# Providing a subsurface reservoir quality maps in oil fields by geostatistical methods.

IntroductionPorosity, permeability and oil saturation are three effective parameters in formation evaluation. Porosity is one of the most principal issues in evaluating petroleum reserves. Accurate estimation of porosity is very important because the slight change in porosity estimation can result in an appreciable change in total reserves. Permeability is one of the most significant characteristics of hydrocarbon bearing reservoirs in which almost petroleum engineers and geologist are highly interested. It is essential to have accurate permeability values to give engineers and geologists the ability to design and manage the efficient processes in the development of oil and gas fields. Oil saturation estimation is one of the primary characteristics in evaluation of reserves and production. Accurate estimation of oil saturation is meaningful for evaluating the oil in place and the economics of the oil field. Porosity estimation using different logging tools is still underestimation due to lower tool resolution.

1. Lithology and porosity

The lithology kind is one of important parameters in cognition of hydrocarbonic reservoirs manner. The lithology can be assessed by petrophysical datas (Doveton 1994).

During sedimentation and diagenesis, some of primary developed pore spaces separated from other pore spaces by different diageny processes of cementation and aggregation. So most of pores have internal relation while the others are totally separated, this can cause the formation of two different sets of porosity, called absolute and effective. The absolute porosities are the proportion of total empty space of sample to the volume of total mass, without attending if they have internal relation or not. One rock may have extraordinary absolute porosity while because of none being internal pores connections; it does not have the capability of fluid transferring.

For recovering the gas and the oil from hydrocarbonic reservoirs, hundreds of foots must be flowing from pore channels in rock before it received to the productive well. If oil occupies the nonconnective empty spaces, it cannot be produced. Therefore, the effective porosity is a quantity that can be used in all reservoir engineering calculates.

Porosity logs

The porosity of one zone can be quantified from the log of solo porosity (acoustic, density and neutron) or the mixture of porosity logs. In this study, for assessing the porosity, the logs of density and neutron is used. The porosity base on density log measurement is calculated from mass balance relation:

[[rho].sub.b] = [phi]. [[rho].sub.f] + (1 - [phi])[[rho].sub.ma]. (1)

The porosity base on neutron log measurement is explained by following relation:

N = a - blog [phi]. (2)

The high amount of neutron indicates low porosity and the low amount of neutron indicates high porosity. The combination of neutron logs and density is used as a device for measuring the porosity, which significantly the lithology is ineffective in it:

[phi] = [square root of ([[phi].sup.2.sub.n] + [[phi].sup.2.sub.d]/2)]. (3)

2. Methods of geostatistical analysis

Geostatistical estimation of porosity data consists of two stages: the first stage deals with identification and modeling of spatial structure of data of under examination porosity data. In this stage, spatial structure of data is examined by means of variogram. The second stage has focus on the geostatistical estimation of data of porosity by means of kriging method. This stage is dependent on the features of variogram model selected in the first stage (Cressie, Hawkins 1980). If any mistake is made in selection of variogram model, all the subsequent stages will be affected as well. Compared to other statistical tools, the most important feature of variogram is simplification of variability. That is why there is extensive application of variograms in the entire disciplines relevant to oil industry.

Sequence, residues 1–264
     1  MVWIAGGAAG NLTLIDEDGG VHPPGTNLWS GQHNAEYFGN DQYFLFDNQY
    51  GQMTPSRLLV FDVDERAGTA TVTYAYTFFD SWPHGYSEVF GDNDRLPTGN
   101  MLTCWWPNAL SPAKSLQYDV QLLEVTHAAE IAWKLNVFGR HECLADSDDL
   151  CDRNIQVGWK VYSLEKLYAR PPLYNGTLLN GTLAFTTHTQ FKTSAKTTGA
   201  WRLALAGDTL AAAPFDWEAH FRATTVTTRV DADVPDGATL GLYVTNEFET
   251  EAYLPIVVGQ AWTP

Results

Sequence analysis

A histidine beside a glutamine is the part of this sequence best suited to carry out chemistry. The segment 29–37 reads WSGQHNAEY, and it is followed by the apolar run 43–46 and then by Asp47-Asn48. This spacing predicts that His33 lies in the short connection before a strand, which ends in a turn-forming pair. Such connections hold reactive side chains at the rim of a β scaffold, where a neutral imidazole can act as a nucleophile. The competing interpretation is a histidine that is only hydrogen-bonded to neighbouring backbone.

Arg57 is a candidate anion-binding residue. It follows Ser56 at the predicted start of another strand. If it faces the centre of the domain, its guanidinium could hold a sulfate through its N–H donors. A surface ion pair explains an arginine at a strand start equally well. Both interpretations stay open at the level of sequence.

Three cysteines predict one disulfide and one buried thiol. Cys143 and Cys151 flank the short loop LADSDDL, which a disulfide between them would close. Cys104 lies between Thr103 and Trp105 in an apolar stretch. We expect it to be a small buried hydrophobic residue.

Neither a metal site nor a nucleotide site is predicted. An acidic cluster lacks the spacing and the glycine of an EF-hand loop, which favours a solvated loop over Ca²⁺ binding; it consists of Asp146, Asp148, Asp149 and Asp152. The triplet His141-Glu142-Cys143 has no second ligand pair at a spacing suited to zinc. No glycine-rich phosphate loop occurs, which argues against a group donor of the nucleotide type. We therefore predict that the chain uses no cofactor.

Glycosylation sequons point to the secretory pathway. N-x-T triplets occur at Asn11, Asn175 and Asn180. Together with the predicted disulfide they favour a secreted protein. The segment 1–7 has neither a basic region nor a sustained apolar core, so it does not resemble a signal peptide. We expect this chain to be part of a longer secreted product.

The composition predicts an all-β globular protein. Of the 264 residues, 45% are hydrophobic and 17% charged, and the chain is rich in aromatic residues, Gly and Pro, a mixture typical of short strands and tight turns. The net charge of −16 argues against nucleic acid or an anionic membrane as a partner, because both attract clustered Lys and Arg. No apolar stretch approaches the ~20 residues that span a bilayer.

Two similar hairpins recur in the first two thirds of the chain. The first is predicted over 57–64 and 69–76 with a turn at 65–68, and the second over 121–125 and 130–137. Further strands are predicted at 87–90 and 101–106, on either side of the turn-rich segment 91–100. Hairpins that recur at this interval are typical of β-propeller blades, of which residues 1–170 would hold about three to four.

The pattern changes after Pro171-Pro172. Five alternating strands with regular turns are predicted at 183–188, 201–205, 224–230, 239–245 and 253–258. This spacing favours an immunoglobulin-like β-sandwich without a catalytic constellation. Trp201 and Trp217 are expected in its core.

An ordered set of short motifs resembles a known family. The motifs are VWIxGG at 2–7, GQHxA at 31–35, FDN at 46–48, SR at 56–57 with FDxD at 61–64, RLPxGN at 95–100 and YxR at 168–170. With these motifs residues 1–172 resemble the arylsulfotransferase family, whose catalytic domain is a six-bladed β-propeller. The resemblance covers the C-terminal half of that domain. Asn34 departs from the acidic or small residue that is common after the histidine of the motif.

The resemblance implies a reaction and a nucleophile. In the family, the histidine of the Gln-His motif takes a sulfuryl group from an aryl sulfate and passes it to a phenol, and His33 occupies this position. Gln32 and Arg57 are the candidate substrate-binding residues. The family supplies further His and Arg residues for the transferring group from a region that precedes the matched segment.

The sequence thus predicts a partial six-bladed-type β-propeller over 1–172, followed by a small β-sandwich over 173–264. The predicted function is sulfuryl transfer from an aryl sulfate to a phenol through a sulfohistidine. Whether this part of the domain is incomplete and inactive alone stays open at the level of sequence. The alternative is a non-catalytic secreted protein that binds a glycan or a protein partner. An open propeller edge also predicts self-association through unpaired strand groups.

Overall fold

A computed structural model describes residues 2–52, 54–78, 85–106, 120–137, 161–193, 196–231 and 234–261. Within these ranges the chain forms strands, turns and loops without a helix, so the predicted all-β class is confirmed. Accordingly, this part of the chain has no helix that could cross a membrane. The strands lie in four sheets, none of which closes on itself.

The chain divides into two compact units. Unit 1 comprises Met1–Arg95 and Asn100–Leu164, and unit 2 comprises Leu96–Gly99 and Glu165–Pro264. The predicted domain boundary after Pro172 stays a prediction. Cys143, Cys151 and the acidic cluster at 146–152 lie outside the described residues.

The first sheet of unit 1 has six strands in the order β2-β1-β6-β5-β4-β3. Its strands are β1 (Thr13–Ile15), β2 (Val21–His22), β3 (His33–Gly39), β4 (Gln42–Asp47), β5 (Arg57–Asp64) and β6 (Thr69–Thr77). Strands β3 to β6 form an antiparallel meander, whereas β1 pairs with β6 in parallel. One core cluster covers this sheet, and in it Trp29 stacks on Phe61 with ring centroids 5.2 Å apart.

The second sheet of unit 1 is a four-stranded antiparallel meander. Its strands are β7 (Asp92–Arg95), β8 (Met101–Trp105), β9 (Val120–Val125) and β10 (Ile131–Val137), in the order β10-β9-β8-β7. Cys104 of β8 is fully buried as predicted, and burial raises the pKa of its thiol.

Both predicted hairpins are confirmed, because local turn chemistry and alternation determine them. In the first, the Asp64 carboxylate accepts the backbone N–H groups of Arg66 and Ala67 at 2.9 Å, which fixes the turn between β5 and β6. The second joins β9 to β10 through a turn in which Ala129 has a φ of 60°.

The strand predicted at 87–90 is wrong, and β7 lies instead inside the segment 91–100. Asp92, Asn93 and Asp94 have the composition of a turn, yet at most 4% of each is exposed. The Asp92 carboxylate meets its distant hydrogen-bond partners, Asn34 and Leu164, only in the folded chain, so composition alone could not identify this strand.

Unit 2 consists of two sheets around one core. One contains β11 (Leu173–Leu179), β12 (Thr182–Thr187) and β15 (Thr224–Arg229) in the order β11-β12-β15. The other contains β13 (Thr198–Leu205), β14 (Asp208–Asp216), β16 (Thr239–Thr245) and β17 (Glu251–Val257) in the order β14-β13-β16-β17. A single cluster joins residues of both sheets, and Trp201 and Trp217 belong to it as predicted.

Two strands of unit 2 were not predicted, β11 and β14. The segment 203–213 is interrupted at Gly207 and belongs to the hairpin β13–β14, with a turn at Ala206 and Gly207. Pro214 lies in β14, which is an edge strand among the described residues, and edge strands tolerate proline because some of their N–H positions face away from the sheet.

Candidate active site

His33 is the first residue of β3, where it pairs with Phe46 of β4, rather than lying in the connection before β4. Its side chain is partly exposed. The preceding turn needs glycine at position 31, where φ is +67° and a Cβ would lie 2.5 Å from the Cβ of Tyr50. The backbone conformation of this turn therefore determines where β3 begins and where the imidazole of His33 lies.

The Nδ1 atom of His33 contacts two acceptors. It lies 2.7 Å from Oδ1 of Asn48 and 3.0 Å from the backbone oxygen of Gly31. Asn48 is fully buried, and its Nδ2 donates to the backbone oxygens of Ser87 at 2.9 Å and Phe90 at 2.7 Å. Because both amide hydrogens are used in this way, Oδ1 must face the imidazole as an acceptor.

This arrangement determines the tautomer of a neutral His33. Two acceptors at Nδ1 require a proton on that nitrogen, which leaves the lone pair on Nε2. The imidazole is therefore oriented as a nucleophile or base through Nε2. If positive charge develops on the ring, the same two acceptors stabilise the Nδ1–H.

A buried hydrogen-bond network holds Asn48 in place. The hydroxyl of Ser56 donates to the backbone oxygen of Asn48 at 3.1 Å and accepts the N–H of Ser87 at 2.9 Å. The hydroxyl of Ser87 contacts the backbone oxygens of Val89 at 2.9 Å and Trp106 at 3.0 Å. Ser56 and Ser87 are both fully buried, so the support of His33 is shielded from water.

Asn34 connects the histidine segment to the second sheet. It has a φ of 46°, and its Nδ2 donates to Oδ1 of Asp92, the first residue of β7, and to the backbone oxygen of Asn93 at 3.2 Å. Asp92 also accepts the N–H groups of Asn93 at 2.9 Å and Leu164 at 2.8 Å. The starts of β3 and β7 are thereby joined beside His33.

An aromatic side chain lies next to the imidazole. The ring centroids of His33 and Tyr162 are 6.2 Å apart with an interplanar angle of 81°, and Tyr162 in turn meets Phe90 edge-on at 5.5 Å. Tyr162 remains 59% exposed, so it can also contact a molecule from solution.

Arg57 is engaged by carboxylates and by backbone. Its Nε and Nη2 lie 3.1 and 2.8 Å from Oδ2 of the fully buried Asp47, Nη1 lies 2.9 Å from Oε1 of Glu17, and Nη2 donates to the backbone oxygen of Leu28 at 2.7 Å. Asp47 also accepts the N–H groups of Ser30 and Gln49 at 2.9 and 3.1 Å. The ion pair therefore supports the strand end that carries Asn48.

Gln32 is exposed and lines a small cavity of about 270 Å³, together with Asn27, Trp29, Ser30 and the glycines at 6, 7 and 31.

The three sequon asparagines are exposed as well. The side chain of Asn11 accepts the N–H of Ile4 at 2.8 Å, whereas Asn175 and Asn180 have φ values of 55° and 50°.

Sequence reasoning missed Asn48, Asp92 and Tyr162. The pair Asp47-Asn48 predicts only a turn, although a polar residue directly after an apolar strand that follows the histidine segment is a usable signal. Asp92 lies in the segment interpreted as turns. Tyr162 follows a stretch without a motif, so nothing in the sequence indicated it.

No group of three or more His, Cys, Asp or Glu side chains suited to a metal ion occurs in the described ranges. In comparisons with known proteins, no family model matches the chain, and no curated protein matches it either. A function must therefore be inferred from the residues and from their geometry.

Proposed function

Kriging is a geostatistical estimation method which can be considered as the best unbiased estimator. This estimator not only owns the least estimation variance but also assures unbiased of estimations, provided that data is normally distributed (Cressie 1990). One capability of kriging method is that it can provide both point estimation and block estimation. In case of block estimation, a block is simulated by means of a large number of points and then calculation of their integrals. Since data of porosity have been obtained along the well's depth in oil field, geostatistical estimation will be tow-dimensional. Additionally, considering that block kriging focuses on the relation between under estimation block and sampling points (data), so eventually block kriging attributed to the points (data) is applied (Dimitrakopoulos, Desbarats 1997).

In Studies and calculations of geostatistics, it is better that distribution of data is normal. Normal or Gaussian distribution is one of the most used statistical distributions, and most statistical methods accept the hypothesis of normal distribution of data.

Graph of the normal distribution is in the form of a completely symmetrical bell-shaped curve which was shown with the mean statistical parameters and variance and which indicates the amount of data distribution and thus the extent of normal distribution curve. And the common method for studying normal distribution of data is qualitative one. To do this, it is enough that the histogram of data is close to normal and that data's skewness and kurtosis are close to zero and 3, respectively.

3. Discussions and results

First is characterized Lambert coordinates system wells. This includes east and North coordinates well with the wells porosity parameter number 36 is given. Then deleted data, such as unacceptable negative productivity index from the list. Figure 1 shows the location of the wells that are having porosity.